A new series from Peter V Brett set 15 years after the last Demon Cycle book, and the Demons have been destroyed.
In this book we follow Oliver Paper and Darin Bales as they try to live up to the expectations of their heroic parents in a new peaceful world. But the Demons have not gone and are biding their time, plotting revenge.
I absolutely loved this, it's a well constructed story with great characters, with very human flaws, and it was good to see some old favourite characters pop up from the first series.
A very satisfying read. Now I just have to wait 'patiently' for the next.
Thanks to Netgalley and Publisher for the ARC.
The Desert Prince
Thank you to Harper Collins and Netgalley for the ARC of The Desert Prince.
Ive tried to keep this review as spoiler free as possible, however if you haven’t read the Demon Cycle in completion and plan on reading this first (which I would not recommend) then some of the elements I discuss could be considered spoilers, in that case I would skip this review and instead just know that this book is amazing, you should add it to your TBR.
When we discuss Fantasy books the same titles and authors come up often, these people and stories hold their places in peoples hearts and at the forefront of people’s minds. But theirs one author that I don’t think is mentioned nearly enough and that’s Peter V Brett, the man behind the Demon Cycle. I would love to explain to you all the reasons I love the Demon Cycle series, all the elements that make it so exciting, but its been four years since I finished The Core, and my old man brain wouldn’t be able to pick out anything but the major plot points. However, I remember well enough to know that Brett manages to hit every nail on the head when it comes to the four main elements of Fantasy writing, Characters, Worldbuilding, Plot, and Prose, and he does all of these amazingly well.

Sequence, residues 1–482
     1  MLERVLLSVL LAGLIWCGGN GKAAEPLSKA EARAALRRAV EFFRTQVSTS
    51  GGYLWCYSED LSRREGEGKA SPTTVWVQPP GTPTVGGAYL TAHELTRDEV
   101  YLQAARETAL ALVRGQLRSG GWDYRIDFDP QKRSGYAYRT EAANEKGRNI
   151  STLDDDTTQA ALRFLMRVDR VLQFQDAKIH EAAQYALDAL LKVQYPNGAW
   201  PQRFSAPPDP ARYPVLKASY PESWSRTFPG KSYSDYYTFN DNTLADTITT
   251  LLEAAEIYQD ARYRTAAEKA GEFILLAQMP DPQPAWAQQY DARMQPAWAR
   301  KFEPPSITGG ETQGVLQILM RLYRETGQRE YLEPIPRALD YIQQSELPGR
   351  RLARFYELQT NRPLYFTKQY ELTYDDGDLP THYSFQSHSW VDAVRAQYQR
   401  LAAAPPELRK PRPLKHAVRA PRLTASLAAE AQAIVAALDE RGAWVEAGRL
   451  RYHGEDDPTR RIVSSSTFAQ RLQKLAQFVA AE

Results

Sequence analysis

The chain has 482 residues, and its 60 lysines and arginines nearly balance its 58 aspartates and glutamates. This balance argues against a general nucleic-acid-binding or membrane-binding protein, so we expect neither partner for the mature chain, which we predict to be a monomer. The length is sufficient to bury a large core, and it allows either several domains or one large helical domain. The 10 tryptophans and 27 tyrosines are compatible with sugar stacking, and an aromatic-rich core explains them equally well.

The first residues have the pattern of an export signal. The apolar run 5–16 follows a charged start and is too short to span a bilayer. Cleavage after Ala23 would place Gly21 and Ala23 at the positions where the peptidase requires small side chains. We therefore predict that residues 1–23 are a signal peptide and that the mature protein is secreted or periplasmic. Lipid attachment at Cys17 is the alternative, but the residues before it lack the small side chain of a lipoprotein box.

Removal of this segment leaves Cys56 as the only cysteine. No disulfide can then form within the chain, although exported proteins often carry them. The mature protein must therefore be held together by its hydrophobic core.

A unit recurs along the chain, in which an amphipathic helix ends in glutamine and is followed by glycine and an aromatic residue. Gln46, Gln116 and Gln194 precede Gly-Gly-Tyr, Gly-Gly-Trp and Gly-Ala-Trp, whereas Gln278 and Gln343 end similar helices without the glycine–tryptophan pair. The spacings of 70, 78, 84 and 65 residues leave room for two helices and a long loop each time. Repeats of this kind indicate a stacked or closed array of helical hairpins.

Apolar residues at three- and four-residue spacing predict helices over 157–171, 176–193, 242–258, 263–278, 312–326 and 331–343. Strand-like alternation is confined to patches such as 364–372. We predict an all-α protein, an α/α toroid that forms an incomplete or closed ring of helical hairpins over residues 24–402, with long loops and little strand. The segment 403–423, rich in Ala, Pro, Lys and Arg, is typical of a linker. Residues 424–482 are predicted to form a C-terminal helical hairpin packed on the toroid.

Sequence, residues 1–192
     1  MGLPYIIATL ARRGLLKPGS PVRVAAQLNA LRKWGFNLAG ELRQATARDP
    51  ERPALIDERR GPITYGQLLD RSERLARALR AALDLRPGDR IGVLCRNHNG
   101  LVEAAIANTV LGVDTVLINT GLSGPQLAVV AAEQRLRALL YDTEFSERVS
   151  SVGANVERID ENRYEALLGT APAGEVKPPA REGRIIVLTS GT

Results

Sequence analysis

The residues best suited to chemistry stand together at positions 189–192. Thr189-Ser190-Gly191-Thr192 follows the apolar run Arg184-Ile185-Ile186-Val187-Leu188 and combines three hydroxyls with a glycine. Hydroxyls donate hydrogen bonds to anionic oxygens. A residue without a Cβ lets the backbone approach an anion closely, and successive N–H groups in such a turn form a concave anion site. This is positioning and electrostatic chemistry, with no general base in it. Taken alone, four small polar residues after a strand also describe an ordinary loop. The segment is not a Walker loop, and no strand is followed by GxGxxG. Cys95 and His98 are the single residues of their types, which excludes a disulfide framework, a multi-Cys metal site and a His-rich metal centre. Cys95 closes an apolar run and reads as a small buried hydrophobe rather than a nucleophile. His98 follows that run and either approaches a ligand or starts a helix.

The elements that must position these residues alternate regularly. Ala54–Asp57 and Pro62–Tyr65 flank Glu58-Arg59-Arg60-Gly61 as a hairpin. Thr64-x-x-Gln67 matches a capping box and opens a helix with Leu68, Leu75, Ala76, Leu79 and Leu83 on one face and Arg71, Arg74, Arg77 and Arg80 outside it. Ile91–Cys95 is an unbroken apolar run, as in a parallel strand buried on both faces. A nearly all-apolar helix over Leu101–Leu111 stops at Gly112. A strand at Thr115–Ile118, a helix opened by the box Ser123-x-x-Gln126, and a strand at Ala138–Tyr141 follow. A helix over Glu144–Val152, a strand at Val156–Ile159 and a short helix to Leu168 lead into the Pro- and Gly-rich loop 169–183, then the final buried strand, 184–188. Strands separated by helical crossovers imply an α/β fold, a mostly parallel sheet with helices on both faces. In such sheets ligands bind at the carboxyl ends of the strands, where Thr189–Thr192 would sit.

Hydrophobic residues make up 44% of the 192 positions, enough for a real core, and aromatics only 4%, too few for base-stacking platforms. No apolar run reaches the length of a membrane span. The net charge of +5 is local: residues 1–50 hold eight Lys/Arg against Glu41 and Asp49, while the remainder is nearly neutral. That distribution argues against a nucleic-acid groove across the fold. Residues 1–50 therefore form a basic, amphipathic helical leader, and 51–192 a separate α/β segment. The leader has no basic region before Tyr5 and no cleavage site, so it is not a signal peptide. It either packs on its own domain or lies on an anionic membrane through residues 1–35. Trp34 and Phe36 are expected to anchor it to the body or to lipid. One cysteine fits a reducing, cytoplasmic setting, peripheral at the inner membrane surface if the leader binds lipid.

The Desert Prince is no exception to this.
Honestly, this is Brett’s best book yet.
The Desert Prince is set fifteen years after the events of The Core, Arlen Bales, The Painted Man, is gone, and the Demons have been for the most part, wiped out. Our book focuses on two characters, our first being Darin Bales, the Son of Arlen, Son of the Deliverer, the legacy of his father hanging heavily on his shoulders as people hope that he will be the man his Father was. And second being Olive Paper, Princess of the Hollow, daughter to Leesha Paper, Duchess of Hollow County, different from her mother in a lot of ways, living a life of confliction and secrets and again with the expectation of greatness weighing heavily on their shoulders.
As I said, I genuinely believe that Brett is able to do everything right when it comes to writing, but in my opinion what he really excels in is his character building. The Demon Cycle would never have been the book it was without Brett’s ability to write rich and exciting characters. He writes characters you fall in love with and characters you want to hate but struggle too. He writes imperfect people with all the flaws of real humans, people that make numerous mistakes just like me and you, and even though he might have some of these characters become immensely powerful they are never overpowered, their humanity drags them down and their enemies always managing to surprise them.